Marijuana grown in Oregon and the handful of other states where pot is legal is being smuggled to other parts of America, authorities say. It’s often hard to tell if the trafficked weed was grown legally or illegally, but some say the fact that pot is leaving these states at all puts the marijuana industry at risk.
Here is a look at some recent notable cases.
Colorado officials announced on June 28 they had cracked a huge smuggling ring that, under the cover of the state’s legal medical marijuana industry, shipped pot to a half-dozen other states.
A Denver grand jury indicted 62 people and 12 businesses. It was the largest illegal marijuana operation discovered since Colorado legalized recreational pot in 2012, Colorado Attorney General Cynthia Coffman said. Federal agents also were involved in the bust.
The indictment says the enterprise produced more than 100 pounds (45 kilograms) of illegal pot each month for shipment to Kansas, Texas, Nebraska, Ohio, Oklahoma and other states. The ring operated from 2012 until 2016, earning an estimated $200,000 a month, Coffman said.
Nebraska Attorney General Doug Peterson thanked Coffman for “exposing the influx of Colorado marijuana entering Nebraska,” the Lincoln Journal Star newspaper reported.
Nebraska and Oklahoma earlier filed a lawsuit against Colorado, saying legalized marijuana in the neighboring state was spilling into Nebraska and Oklahoma, complicating their anti-drug efforts and draining state resources. The U.S. Supreme Court dismissed the lawsuit without comment.
Two of the men named in the Colorado indictment were arrested during an earlier traffic stop in Nebraska with 36 pounds (16 kilograms) of marijuana packed into two suitcases in their car.
An Oregon State Police trooper stopped a car that was driving just over the speed limit in a remote part of Oregon, and right away noticed there was only one key on the key ring.
Trooper Austin Hopson’s training and experience told him that was a sign that the driver of the car he stopped on Feb. 12, 2016, was a marijuana smuggler. The road has been known to be used by traffickers seeking to avoid law enforcement, authorities said.
Plus, the passenger seat was full of items — including luggage and a musical instrument case — that would normally be in the trunk, and the driver was nervous. Hopson asked the man, a Minnesotan who was a former cellist with the St. Paul Chamber Orchestra, if he could search the car.
“At this point, for the first time during the stop, the Defendant would not make eye contact with Trooper Hopson. Instead, the Defendant stared down at his paperwork as his hands began to shake uncontrollably,” a deputy district attorney said in a filing with the Klamath County Circuit Court.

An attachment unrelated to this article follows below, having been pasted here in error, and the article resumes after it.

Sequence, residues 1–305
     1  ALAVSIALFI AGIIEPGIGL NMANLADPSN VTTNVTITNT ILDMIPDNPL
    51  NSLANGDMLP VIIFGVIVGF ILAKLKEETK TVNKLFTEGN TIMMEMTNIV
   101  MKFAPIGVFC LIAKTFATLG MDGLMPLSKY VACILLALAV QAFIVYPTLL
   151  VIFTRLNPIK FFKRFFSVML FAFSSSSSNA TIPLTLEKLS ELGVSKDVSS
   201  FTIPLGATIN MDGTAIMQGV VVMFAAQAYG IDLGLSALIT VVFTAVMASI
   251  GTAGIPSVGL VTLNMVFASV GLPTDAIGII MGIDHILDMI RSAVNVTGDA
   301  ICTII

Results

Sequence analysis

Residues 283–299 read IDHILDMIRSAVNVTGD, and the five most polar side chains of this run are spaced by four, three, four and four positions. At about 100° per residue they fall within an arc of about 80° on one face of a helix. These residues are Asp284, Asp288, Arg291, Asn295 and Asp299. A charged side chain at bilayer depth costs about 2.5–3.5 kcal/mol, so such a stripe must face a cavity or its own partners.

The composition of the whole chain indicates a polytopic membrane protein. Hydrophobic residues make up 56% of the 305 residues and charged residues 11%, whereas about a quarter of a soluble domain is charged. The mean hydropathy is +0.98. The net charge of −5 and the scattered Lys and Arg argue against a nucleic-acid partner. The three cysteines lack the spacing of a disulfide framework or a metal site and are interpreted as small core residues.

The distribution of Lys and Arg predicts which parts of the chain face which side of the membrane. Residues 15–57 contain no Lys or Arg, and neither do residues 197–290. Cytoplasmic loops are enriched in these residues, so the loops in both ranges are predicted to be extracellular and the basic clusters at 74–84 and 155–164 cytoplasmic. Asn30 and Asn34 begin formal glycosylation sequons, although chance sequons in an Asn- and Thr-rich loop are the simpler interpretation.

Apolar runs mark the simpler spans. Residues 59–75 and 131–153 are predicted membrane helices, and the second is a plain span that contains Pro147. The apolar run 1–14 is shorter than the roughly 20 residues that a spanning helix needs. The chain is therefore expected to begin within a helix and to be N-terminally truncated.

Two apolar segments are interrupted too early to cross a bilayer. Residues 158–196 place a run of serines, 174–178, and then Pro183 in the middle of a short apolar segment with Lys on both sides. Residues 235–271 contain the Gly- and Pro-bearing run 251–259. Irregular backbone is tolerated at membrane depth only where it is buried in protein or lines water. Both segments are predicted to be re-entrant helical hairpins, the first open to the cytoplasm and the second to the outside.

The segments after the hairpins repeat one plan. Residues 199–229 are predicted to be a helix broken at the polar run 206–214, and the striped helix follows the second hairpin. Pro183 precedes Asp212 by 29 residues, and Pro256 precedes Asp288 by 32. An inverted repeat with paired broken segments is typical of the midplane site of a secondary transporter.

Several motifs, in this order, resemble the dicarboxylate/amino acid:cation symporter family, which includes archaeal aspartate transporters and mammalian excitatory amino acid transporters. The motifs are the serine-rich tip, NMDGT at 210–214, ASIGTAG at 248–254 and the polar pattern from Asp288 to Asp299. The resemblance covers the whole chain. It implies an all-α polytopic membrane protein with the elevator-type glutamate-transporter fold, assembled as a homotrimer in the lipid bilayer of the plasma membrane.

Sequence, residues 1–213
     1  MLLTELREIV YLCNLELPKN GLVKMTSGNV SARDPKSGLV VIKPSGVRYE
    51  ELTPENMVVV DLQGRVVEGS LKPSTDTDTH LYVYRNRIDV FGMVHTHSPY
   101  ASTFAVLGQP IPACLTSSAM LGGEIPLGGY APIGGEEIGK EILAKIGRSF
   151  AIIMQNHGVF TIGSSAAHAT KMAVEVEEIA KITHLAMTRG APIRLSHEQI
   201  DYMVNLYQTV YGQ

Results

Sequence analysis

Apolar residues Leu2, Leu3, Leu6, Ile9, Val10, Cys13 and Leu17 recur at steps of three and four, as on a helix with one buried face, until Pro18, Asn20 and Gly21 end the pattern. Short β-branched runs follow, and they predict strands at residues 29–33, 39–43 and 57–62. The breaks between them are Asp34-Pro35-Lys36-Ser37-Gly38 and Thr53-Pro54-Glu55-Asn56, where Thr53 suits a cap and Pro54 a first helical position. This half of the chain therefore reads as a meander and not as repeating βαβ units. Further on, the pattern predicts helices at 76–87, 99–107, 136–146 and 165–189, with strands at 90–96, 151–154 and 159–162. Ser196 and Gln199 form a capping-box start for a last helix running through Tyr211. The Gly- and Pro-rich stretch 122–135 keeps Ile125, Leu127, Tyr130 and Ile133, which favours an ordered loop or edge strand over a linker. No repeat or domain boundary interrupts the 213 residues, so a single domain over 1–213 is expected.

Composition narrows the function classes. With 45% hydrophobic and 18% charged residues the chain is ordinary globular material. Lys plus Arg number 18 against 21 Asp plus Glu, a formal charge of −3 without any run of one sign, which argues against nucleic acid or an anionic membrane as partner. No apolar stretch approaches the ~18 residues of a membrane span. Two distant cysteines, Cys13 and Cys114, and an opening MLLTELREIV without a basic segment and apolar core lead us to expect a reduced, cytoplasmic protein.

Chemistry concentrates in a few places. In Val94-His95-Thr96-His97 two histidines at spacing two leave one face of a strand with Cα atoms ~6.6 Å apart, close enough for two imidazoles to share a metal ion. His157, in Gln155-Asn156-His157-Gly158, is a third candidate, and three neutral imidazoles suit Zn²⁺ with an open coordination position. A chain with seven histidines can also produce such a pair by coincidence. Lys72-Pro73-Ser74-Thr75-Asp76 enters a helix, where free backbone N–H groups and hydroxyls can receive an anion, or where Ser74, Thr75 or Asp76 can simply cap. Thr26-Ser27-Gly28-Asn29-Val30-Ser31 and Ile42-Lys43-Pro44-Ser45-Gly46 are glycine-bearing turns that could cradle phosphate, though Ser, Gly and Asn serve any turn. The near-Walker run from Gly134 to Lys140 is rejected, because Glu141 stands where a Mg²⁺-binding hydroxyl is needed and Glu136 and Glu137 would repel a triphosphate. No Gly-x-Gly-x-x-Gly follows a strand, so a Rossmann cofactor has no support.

The police searched the car without the driver’s consent. In the trunk, they found over 100 pounds (45 kilograms) of marijuana in vacuum-packed bags and a backpack full of cash, the filing said.
The driver was later let go and charges were dropped after a judge ruled police lacked probable cause to search the car.
A Texas man was piloting his plane after taking off from Medford, Oregon, in one of the country’s richest marijuana-growing regions, when the aircraft attracted authorities’ attention.
The U.S. Customs and Border Protection’s Air and Marine Operation Center, in Southern California, began tracking the single-engine plane after observing it had a suspicious flight pattern and landed in Arizona to refuel, according to the U.S. attorney’s office for the western district of Texas.
The pilot, Wayne Douglas Brunet, of Austin, landed at an unmanned airport in Bulverde, Texas, but when he saw authorities on the ground waiting for him, he took off again. He then tried to land at the Lago Vista, Texas, airport but aborted the landing when he saw law enforcement officers again.
Brunet then landed in Llano, Texas. He tried to run, tossing a duffel bag and a cell phone near the runway, but was arrested. Authorities seized 15 duffel bags filled with vacuum-sealed packages of 230 pounds (104 kilograms) of marijuana.
Brunet pleaded guilty on June 28 to possession with intent to distribute marijuana and faces up to 20 years in federal prison. According to a plea deal, he forfeits his 1969 Piper PA-30 Comanche airplane, $5,400 in cash and $3,000 in prepaid cards.
Follow Andrew Selsky on Twitter: @andrewselsky
Start a Marijuana Business Today: CertificationClinics.com™ offers a comprehensive business model for recommending Medical Marijuana Certifications and/or Dispensary Ownership in your area. The CertificationClinics.com™ Business Support staff will educate you in every of the growing medical marijuana industry, providing you a fully operational and profitable enterprise. Learn More »